The next day, which I had off work as it was Martin Luther King Jr. Day, was a small wreath-laying ceremony at Poe's grave. It was quite a small affair, officiated over by Victoria Price, who placed the wreath while giving a short address about how Price would have overjoyed to have been associated so strongly with one of America's greatest men of letters, as Price was a great promoter of American arts and letters.
That evening, my dear friends at the Yellow Sign Theater had what promises to be the first of an annual event, the "Poedown." This was an evening of four Poe stories performed as radio dramas, which was a lot of fun although I probably wrecked the audio with my frequent coughing. I joked that I had the walking Red Death.
So, it was quite a weekend, and it's unfortunate I was left so ill over the week that I couldn't concentrate enough to post this earlier. But here's me with Victoria Price, at Poe's grave...
Wednesday, January 21, 2015
Tonight's film is an overlooked 1933 thriller, TOMORROW AT SEVEN!
Isn't that a cracker? It's a shame a delightful flick like this is forgotten these days, but at least we have YouTube and DVDs to preserve little treasures like this.
We step out in the dark January night, with the snow gleaming from the city lights, and growl of snowplows and salt trucks passing by...
Monday, January 12, 2015
Almost simultaneously, I finished two short-story collections, so I'll review them together.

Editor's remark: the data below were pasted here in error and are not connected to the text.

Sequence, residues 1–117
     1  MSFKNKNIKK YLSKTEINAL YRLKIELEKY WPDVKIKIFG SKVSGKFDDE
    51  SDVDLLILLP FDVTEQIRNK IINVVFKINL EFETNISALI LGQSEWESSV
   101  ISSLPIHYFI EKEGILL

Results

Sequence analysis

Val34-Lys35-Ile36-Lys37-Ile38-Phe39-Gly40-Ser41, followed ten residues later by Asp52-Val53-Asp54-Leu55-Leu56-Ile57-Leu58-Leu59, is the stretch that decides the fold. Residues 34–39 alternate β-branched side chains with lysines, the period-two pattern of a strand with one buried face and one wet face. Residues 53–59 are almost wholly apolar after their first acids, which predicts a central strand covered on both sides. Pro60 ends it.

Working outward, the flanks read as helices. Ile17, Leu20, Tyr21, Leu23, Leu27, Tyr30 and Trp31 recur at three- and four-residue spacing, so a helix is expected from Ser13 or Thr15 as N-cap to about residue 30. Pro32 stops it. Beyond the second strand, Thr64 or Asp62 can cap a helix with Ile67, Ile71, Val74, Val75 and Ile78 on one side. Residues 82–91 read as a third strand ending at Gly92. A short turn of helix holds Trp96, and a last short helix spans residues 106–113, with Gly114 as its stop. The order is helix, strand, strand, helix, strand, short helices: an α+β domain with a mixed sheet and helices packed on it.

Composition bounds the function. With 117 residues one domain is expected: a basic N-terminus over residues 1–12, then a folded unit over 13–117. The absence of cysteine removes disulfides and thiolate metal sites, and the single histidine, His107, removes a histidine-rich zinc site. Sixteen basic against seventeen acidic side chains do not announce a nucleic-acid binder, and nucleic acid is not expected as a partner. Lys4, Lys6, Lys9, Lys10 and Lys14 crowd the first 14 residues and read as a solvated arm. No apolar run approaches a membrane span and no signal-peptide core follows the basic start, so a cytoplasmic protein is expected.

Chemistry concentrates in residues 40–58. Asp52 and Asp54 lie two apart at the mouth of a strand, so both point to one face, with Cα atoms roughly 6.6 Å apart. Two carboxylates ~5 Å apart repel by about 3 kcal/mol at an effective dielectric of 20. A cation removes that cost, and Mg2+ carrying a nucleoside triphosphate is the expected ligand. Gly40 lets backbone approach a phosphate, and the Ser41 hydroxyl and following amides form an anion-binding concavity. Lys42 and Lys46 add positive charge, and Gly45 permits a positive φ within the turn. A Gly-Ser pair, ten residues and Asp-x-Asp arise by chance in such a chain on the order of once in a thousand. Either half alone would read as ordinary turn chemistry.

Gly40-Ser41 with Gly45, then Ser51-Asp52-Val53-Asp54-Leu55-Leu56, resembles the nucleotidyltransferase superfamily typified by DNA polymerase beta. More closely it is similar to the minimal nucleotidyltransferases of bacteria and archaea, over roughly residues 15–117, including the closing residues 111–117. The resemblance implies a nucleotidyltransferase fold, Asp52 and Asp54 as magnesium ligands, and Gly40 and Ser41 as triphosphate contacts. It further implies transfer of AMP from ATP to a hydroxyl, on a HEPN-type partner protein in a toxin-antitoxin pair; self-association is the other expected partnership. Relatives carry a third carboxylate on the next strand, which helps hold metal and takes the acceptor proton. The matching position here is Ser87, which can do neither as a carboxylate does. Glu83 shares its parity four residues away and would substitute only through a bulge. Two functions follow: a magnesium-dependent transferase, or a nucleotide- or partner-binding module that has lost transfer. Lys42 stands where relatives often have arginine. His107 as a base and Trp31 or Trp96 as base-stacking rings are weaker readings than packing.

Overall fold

The late Edward D. Hoch (1930-2008) was a master of the short story, having written approximately 950 of them. He created quite a few fictional detectives, like the seemingly immortal Simon Ark and Eastern European Gypsy detective Michael Vlado, but one of his more popular creations was Dr. Sam Hawthorne, an old-school family practice doctor working in small-town New England in the 1920s. The series was published in "Ellery Queen's Mystery Magazine" starting in 1974 and continued for over a quarter-century. His specialty was the impossible crime, a murder that shouldn't have taken place, but did.
The first story, "The Problem of the Covered Bridge", sets the tone. During a snowy winter, a man is seen driving his horse-drawn wagon toward a covered bridge. When friends go by later, they find the tracks going in...but nothing leaving on the other side, and no sign of man or wagon. Where is he? How was it done? It's a devilishly complex story and Dr. Sam's solution is well-done. Hoch plays fair, and most of the time you get almost all the clues and information you need.